CDC director pushes back on Caputo claim of 'resistance unit' at agency

CDC director pushes back on Caputo claim of 'resistance unit' at agency
© Bloomberg/Pool

Centers for Disease Control and Prevention (CDC) Director Robert RedfieldRobert RedfieldHouse Democrats expand probe into political interference into CDC during Trump administration Redfield says he thinks virus 'evolved' in lab to transmit better Ex-CDC director Redfield says he received death threats from fellow scientists over COVID-19 theory MORE on Wednesday defended his agency from claims by a top health department official that there is a "resistance unit" plotting against President TrumpDonald TrumpFormer New York state Senate candidate charged in riot Trump called acting attorney general almost daily to push election voter fraud claim: report GOP senator clashes with radio caller who wants identity of cop who shot Babbitt MORE in the CDC.

Redfield was asked at a Senate hearing about an extraordinary Facebook Live video streamed Sunday where the Department of Health and Human Service's (HHS) top spokesman, Michael Caputo, said career scientists are plotting against the president and encouraged Trump supporters to arm themselves ahead of the election.

"The spokesperson for HHS claimed that there is a resistance unit at CDC and voiced concerns about ulterior deep state motives, and President Trump has bolstered skepticism in the agency's death toll, do you agree with me that there is no truth to all those claims?" asked Sen. Patty MurrayPatricia (Patty) Lynn MurrayTech executives increased political donations amid lobbying push Schumer, Tim Scott lead as Senate fundraising pace heats up Sunday shows preview: As delta variant spreads, US leaders raise concerns MORE (D-Wash.).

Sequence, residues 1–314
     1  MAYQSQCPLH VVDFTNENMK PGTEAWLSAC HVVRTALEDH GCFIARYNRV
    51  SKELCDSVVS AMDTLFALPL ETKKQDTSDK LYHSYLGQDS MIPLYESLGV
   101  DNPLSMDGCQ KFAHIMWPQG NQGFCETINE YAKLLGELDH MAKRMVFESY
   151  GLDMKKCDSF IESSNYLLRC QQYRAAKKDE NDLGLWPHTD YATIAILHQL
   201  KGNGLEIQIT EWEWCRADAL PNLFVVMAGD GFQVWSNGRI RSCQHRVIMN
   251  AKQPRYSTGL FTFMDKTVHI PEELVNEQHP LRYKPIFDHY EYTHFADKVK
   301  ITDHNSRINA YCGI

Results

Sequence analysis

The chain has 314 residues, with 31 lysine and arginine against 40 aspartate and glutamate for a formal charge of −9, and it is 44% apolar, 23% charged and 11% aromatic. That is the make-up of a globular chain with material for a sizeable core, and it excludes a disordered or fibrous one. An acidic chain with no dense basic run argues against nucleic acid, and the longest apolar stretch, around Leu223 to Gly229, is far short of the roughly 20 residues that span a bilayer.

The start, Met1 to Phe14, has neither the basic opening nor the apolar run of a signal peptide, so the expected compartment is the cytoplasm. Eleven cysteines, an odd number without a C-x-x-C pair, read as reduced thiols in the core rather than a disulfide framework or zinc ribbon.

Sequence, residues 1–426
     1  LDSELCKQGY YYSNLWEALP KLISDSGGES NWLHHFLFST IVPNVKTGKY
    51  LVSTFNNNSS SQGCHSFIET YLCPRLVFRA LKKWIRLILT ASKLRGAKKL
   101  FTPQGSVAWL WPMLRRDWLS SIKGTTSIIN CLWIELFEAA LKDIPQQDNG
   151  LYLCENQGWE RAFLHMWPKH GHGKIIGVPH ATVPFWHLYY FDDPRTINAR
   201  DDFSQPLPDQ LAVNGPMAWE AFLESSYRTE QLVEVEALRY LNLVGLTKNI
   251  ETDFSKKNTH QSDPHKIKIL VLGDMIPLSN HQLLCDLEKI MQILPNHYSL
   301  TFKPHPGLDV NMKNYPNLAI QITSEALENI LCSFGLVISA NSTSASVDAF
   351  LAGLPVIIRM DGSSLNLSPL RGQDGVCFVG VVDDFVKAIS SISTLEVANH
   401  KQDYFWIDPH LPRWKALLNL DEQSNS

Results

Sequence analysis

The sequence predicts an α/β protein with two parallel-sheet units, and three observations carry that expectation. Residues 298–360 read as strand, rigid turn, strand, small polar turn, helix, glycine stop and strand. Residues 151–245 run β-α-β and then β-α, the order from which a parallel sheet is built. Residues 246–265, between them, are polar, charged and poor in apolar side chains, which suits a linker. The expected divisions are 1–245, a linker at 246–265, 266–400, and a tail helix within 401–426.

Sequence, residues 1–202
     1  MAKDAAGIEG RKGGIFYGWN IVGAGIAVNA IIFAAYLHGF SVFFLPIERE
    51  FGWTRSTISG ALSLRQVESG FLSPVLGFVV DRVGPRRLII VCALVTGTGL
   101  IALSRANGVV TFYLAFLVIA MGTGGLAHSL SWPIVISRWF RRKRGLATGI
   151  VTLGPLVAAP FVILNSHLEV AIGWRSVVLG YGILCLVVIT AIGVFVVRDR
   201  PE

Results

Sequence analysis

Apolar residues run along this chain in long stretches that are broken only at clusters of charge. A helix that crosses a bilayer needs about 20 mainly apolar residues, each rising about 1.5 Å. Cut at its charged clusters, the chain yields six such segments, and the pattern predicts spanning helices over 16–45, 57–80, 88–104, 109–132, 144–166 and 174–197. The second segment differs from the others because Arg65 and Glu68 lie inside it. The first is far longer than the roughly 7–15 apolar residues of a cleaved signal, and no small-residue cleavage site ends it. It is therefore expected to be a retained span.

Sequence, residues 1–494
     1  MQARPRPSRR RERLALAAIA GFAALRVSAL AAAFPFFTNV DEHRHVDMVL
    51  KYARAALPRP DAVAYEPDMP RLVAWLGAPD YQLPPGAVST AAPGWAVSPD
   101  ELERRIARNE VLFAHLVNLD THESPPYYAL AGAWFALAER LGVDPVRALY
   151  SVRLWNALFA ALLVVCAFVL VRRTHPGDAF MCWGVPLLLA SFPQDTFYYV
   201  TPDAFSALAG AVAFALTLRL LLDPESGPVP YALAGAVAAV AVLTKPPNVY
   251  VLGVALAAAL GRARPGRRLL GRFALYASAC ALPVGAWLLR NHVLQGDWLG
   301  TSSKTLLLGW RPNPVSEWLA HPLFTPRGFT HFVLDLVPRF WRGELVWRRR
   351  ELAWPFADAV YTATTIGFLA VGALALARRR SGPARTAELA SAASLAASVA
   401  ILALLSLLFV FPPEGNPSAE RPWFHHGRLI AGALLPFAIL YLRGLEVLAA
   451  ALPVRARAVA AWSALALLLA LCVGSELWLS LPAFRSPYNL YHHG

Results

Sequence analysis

"Absolutely senator, and I want to make a comment that not only is it not true, it deeply saddened me when I read those comments, because as I said in my statement, CDC is made up of thousands of dedicated men and women, highly competent, it is the premier public health agency in the world," Redfield said.

"It deeply saddened me that those false accusations were made [about] a group of really unbelievably professional people that serve this nation," he added.

Politico also reported last week that Caputo and his communications team have sought to edit some of CDC's premier scientific reports, known as the Morbidity and Mortality Weekly Reports (MMWR).

Redfield, speaking generally, said: "At no time has the scientific integrity of the MMWR been compromised and I can say that under my watch it will not be compromised."

Trump also provoked a firestorm by telling journalist Bob Woodward during a series of interviews conducted earlier in the year that he purposely downplayed the virus.

Asked if he advised the president to downplay the virus, Redfield said, "No."

When asked if he agreed with the president downplaying the virus, Redfield said: "I'm not going to comment on that."